September 8, 2015

Learning and Leading with Technology

Batavia High School Intermediate Algebra and Calculus I teacher, Chris Ozarka, is continually creating brief videos to explain (and re-explain) key math concepts students are learning in his classroom. He uploads these videos on his YouTube Math Channel.

Mr. Ozarka says the videos are meant to only supplement the learning experience both inside and outside of his classroom. If a student is struggling with a concept that’s covered in a video, Mr. Ozarka can refer that student to it during class. “I can be at more than one place at a time with the videos,” he says.

The math videos also allow students to replay concepts and freeze frame them on their Chromebooks to show Mr. Ozarka exactly where they stopped understanding something. For students who miss a class, the videos can help introduce and reinforce math concepts at home.

Mr. Ozarka says the less-than-five-minute videos provide students with pieces of the puzzle, but won’t solve math equations for them. “You will rarely see a worked-out problem in my videos. I don’t want to teach math problems. I want students to fully understand math concepts by going through the struggle,” he explains.

This style of teaching is a shift from a traditional chalkboard lecture to a more student-centered classroom that focuses on students’ engagement in mathmatical activities and persistent problem solving.

Students in Mr. Ozarka’s class typically start class by answering five multiple-choice “Bell Ringer” questions in a Google Form on their Chromebooks. The Bell Ringer questions ask students about the previous day’s math concepts as well as new concepts. The Google Form allows Mr. Ozarka to track in real-time the percentage of students who understand and don’t understand a concept, and which concepts need to be reviewed before moving on to new lesson material. Bell Ringer answers are reviewed in class and include the percentage of students who got each one right and wrong, so students can compare their responses with the rest of the class.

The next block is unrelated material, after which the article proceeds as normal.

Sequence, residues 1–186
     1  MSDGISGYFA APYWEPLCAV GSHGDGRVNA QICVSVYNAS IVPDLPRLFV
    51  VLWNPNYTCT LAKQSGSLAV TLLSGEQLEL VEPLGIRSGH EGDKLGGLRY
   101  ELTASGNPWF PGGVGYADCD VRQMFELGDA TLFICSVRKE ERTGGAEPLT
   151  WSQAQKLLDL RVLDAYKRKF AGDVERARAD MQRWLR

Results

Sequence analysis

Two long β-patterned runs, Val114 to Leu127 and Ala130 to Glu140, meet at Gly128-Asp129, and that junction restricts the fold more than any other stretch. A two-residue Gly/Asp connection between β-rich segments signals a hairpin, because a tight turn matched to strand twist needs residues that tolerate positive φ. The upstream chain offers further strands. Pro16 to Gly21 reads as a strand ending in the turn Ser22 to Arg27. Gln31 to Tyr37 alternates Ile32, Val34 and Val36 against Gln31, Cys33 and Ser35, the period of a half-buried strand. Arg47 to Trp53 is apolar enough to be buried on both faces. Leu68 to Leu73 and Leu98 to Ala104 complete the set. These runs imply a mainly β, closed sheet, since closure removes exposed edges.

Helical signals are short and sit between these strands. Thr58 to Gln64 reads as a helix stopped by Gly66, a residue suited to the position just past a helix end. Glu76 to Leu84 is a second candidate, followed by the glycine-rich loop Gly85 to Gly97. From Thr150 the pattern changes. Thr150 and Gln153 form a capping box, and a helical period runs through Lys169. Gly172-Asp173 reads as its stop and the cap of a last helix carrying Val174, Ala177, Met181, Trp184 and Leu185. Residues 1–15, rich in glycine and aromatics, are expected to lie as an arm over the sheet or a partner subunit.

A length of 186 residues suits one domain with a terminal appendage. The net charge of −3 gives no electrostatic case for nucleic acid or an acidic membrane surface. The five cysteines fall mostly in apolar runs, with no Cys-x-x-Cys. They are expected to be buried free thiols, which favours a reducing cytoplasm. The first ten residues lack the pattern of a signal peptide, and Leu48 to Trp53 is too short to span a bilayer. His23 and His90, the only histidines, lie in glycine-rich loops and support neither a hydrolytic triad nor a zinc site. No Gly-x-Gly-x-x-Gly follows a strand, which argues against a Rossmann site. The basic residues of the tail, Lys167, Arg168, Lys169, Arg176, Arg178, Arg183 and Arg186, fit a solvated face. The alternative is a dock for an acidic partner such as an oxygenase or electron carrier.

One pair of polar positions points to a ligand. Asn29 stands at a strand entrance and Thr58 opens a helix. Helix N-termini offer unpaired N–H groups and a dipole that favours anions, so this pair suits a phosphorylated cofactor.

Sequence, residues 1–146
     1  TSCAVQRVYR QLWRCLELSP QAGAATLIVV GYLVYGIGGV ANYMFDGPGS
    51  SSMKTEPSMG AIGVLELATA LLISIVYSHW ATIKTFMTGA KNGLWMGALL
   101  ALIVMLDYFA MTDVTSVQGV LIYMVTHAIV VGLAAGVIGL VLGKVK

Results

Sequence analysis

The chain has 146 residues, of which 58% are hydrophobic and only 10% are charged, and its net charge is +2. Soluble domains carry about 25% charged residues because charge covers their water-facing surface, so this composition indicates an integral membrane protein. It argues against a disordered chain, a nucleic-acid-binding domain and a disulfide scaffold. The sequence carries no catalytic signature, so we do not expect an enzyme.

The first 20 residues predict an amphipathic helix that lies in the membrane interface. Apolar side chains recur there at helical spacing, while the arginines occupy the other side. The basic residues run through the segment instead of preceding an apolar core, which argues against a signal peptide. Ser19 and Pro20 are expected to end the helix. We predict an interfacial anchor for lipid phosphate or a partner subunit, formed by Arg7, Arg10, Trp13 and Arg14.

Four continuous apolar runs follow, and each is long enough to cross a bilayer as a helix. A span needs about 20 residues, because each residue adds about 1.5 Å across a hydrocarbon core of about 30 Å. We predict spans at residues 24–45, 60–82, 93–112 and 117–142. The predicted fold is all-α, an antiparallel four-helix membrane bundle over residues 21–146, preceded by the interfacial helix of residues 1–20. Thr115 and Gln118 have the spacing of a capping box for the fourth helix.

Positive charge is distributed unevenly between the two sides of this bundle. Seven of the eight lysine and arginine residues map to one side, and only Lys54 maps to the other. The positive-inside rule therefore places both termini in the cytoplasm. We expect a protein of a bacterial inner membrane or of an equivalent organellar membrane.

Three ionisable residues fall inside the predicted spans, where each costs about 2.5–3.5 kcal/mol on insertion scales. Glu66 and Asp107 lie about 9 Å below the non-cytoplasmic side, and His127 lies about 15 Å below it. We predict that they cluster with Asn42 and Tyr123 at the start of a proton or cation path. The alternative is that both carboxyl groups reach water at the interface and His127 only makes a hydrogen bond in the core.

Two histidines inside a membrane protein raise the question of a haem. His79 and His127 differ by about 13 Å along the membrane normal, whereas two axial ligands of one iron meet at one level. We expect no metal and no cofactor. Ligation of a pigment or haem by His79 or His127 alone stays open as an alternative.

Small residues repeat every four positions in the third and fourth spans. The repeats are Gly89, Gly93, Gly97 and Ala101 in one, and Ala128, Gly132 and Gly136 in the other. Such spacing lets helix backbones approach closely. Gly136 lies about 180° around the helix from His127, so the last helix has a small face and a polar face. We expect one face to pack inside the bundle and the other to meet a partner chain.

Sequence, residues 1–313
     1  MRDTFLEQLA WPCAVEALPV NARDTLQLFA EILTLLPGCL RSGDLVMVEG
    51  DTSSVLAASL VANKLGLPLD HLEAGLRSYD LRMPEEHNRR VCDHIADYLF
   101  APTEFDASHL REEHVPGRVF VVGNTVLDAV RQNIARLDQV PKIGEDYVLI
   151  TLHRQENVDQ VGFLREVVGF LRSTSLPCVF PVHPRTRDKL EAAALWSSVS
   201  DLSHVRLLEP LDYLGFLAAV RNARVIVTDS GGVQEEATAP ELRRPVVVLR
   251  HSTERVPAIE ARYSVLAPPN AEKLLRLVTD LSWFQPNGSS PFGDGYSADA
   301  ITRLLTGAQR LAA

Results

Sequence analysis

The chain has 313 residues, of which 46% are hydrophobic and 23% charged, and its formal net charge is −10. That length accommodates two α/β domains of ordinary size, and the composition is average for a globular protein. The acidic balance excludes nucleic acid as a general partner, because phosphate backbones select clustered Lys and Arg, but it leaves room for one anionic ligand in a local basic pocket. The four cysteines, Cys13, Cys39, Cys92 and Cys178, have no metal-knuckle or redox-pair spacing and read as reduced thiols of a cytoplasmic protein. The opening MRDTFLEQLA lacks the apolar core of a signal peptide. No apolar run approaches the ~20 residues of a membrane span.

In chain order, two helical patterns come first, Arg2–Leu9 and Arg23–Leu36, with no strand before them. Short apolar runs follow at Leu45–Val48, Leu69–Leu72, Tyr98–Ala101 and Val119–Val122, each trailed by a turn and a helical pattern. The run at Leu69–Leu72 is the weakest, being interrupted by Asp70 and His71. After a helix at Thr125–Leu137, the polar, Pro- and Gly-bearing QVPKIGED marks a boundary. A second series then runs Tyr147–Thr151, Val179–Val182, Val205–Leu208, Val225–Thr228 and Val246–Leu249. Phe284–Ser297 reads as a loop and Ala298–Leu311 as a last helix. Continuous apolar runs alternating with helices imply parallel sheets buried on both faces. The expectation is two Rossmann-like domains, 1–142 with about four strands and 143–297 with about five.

Google Forms are also used in place of students raising their hand for help. When students in Mr. Ozarka’s class have a question, they enter their name into a Google Help Form, which he uses to make the rounds in an orderly fashion. First entered, first served.

The elimination of hand raising forces students to continue to work through a problem individually or with classmates until their name rotates to the top of the help list. “When students raise their hand to ask questions, they tend to lose focus and precious time in class,” explains Mr. Ozarka. “Most students answer their own question by the time I get to them.”

The Google Help Form also provides Mr. Ozarka with a quick count of who had questions on a given day, and how many. “If I have a student who is struggling, but never asks for help during class, I will know that,” he says.

While the use of technology in Mr. Ozarka’s math classes is undoubtedly creating efficiencies, it’s also creating more time for human interaction in the classroom. What used to be homework, such as assigned problems, is now done in class with the teacher offering more personalized guidance and interaction with students, and the students collaborating to solve problems together.

“The main point of my classes is to introduce new ways of thinking,” says Mr. Ozarka. “It’s not to solve problems by a given deadline.”